Author(s): RyanHarshman M, Aldoori W
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Abstract OBJECTIVE: To investigate whether diet has a role in the development and progression of colorectal cancer (CRC). QUALITY OF EVIDENCE: MEDLINE was searched from January 1966 to December 2006 for articles on the relationship between diet and CRC using the key words colorectal cancer and folic acid, calcium, vitamin D, red meat, or fibre. Evidence that these factors are associated with CRC came from case-control and prospective cohort studies and some clinical trials. MAIN MESSAGE: Whether red meat is a culprit in causing CRC remains unanswered, although any effect it might have is likely moderate and related to processing or cooking. The effect of dietary fibre on risk of CRC has also been difficult to determine because fibre intake is generally low. Evidence that folic acid, calcium, and vitamin D reduce risk of CRC is stronger. In particular, recent research indicates that calcium and vitamin D might act together, rather than separately, to reduce the risk of colorectal adenomas. There might also be an interaction between low folate levels and high alcohol consumption and CRC. CONCLUSION: Before dispensing dietary advice, physicians should understand the potential benefits and harm of specific components of various foods. People might be able to reduce their risk of CRC by increasing their vitamin and mineral levels through eating more vegetables and fruit. Multivitamin and mineral supplements can complement a healthy diet.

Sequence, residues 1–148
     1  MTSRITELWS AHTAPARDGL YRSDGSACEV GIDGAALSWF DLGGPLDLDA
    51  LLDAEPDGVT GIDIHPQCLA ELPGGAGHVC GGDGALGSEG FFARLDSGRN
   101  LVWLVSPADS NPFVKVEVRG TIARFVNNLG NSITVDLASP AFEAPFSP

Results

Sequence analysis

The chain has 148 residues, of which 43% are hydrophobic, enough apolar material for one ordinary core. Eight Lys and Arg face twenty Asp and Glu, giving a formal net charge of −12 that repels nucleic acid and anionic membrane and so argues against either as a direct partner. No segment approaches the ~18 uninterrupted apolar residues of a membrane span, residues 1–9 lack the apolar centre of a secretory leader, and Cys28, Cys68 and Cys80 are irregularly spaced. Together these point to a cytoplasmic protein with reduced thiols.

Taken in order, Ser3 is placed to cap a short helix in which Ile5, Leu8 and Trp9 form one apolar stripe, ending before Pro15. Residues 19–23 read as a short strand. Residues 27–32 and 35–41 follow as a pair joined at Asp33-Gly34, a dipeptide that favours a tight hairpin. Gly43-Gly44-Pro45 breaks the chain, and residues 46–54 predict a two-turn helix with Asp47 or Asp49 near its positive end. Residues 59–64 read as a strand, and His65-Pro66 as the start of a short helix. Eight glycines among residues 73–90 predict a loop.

This article was published in Can Fam Physician
and referenced in Journal of Addiction Research & Therapy